The Queensland Premier Anna Bligh is proposing that the Federal Government assist in doubling the low interest loans available to small businesses that have been hurt by the floods and cyclone Yasi. That would take the loans to $500k at 4% for up to five years with no payments in the first two years. It is hard to understand why this is good public policy. Why don’t governments insist that firms simply insure themselves against flood and cyclone.
For the most part the social view of risk taking is that if you can’t take the consequences then don’t take the risk. If you invest in risky stocks instead of putting your money in the bank, and then the market rises, well good for you; but if the market goes down, then that is your problem. The same if you start a risky business. The same if you risk your life, instead of your capital, with skydiving or smoking.
It is a pragmatic and liberal point of view, that gives individuals and families the freedom to undertake risky activities within society, so long as they don’t burden society if things go wrong. It is not that society abhors risk. Risk taking in the name of science, art or commerce is often admired in a progressive society. It is just that society sees private risk taking as resulting in private rewards and private losses. If risk is taken on behalf of society through military service or other public service, then society feels an obligation to the individual and their family if losses are incurred in the service. But otherwise, if risk is taken for individual gain, then it is up to a household or a firm to bear the risk, or else to pay to transfer the risk to another party through insurance contracts, options, forwards, swaps or other hedging instruments.
Economics sees risk as a cost that arises, in some measure, from any activity. Consumption, production or exchange activities create risk. If the creator of the risk bears the risk then the risk is internalised. Otherwise, if individuals or firms enjoy the benefits of an activity but not the cost of the attendant risk then an externality is created, along with the economic inefficiency caused by the externality.
A notable exception to the general social view of risk is the way that risk taking by farmers is treated by society. There is usually little objection in society to payments to farmers who suffer losses because they have failed to insure their wheat crop against hail, or their herd against drought or their bananas against cyclones. The fact that the farmers enjoy private benefits of farming during good times and social insurance during bad times causes little objection. For the tourist businesses who face a rising $A, or property developers who face rising interest rates — tough luck. But farmers in the face of bad weather receive payments from state and federal governments. Farming is seen as somehow more noble and essential that other commercial activities, and therefore deserving of support. This is nonsense, of course. Farms are businesses like any other business, and farmers are seeking the private benefits of commerce, rather than performing a public service.
Again, why are governments providing implicit flood and windstorm insurance rather than leaving it up to businesses to insure themselves? Is there a market failure in the flood insurance market that the government can solve by providing implicit, partial insurance for free?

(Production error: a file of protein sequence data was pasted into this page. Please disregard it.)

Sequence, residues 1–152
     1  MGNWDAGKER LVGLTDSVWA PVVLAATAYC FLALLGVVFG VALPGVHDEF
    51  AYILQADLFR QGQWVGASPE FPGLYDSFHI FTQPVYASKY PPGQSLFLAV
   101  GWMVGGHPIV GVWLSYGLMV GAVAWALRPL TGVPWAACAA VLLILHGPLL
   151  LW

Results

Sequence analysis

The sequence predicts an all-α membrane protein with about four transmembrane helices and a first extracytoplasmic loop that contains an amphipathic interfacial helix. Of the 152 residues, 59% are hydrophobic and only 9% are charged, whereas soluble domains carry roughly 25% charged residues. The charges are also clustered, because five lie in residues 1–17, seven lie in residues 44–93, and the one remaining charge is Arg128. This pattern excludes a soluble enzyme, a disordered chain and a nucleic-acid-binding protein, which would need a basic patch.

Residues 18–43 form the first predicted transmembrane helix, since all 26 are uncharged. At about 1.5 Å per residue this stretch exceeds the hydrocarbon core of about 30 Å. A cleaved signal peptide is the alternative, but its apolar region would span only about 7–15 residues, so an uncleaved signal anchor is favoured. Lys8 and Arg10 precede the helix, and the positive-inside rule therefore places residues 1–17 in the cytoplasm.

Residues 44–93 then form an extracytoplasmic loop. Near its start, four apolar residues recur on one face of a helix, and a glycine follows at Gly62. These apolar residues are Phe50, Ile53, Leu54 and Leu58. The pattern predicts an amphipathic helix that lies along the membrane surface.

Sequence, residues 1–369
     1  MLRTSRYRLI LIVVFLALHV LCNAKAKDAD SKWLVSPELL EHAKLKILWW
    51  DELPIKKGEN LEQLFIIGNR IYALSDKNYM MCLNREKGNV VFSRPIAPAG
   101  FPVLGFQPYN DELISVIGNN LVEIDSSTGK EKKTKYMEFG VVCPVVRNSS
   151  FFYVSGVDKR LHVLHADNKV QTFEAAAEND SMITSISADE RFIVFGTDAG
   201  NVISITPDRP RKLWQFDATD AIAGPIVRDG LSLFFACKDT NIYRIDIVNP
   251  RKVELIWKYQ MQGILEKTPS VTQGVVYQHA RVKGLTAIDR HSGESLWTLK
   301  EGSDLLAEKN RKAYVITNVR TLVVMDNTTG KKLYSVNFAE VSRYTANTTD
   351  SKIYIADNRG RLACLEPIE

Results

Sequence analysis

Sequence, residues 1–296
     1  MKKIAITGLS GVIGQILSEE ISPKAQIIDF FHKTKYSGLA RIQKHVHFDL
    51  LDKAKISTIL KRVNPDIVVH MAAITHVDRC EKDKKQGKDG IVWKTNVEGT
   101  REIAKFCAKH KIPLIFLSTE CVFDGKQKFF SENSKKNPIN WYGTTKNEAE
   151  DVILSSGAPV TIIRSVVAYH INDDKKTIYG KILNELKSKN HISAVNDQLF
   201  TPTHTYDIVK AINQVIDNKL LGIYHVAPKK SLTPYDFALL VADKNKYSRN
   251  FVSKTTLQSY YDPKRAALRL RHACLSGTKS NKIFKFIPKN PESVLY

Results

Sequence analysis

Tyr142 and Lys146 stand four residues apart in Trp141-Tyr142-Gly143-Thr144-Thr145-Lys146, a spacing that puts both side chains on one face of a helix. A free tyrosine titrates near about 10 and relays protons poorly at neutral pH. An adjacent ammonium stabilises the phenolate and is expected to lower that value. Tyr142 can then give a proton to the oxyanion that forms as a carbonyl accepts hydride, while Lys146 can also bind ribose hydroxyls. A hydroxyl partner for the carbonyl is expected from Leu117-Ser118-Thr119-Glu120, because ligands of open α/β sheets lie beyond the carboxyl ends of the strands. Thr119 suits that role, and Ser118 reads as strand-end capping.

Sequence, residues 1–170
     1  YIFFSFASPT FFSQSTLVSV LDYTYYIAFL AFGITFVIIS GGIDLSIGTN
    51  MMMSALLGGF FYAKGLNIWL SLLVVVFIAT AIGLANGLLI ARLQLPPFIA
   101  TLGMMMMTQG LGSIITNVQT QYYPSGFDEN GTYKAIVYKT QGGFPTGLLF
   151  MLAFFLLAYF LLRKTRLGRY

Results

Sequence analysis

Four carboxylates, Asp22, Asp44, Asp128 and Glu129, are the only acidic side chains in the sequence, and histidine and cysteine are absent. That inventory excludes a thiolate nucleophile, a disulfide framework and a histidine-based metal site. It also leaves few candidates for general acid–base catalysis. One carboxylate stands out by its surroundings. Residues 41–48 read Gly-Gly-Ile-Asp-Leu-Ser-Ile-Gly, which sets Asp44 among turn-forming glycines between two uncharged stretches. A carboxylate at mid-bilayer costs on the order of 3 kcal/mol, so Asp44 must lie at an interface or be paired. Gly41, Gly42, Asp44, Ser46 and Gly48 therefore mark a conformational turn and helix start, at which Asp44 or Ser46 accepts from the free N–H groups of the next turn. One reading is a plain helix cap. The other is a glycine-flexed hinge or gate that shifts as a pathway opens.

In general there are three reasons that insurance markets might be ‘missing’ – in which case government intervention may be economically efficient. First diversification of risk may be impossible. Second there may be insurmountable information asymmetry problems. Third there may be no way to accurately estimate the risk of a claim.
In two respects flood risk is ideal for insurance. First, flood risk is diversifiable. Local insurers cannot achieve full diversification, since a flood will hit lots of their customers at the same time. But, diversification can be achieved by ceding risk to global reinsurers which are diversified across the globe. Second, there is no information asymmetry. That is, the provider of flood insurer doesn’t have to worry that the parties seeking insurance know more about the danger of flood than the insurer does. This adverse selection problem is faced by health or life insurers — the insured party knows much more about their likelihood of making a claim — but there is no hidden information in flood insurance. Nor is their any hidden action. A person might take out life insurance and then once they are insured conduct activities that increase the probability of a claim (like smoking on the sly). But not such hidden action occurs in flood insurance.
The third problem regarding uncertainty about the probability of a claim is more problematic. Global warming may be taking the insurance of flood risk from assessable ‘risk’ to Knightian ‘uncertainty’ about the probability of claims. In that case flood insurance, or reinsurance, may become problematic. But even if that is true, it is not obvious that implicit government insurance through ex-poste handouts is a solution.
I think the government needs to push back on the type of claims on public finances that Anna Bligh wants to make. The Government needs to be clearer that if you live in danger zones then you have to insure yourself against flood, or cyclone or fire or whatever it is. Certainly the government should rebuild local infrastructure, but it is better for the government to insist on no building in flood plains and higher construction standards in cyclone areas than to hand out ever larger grants to uninsured firms.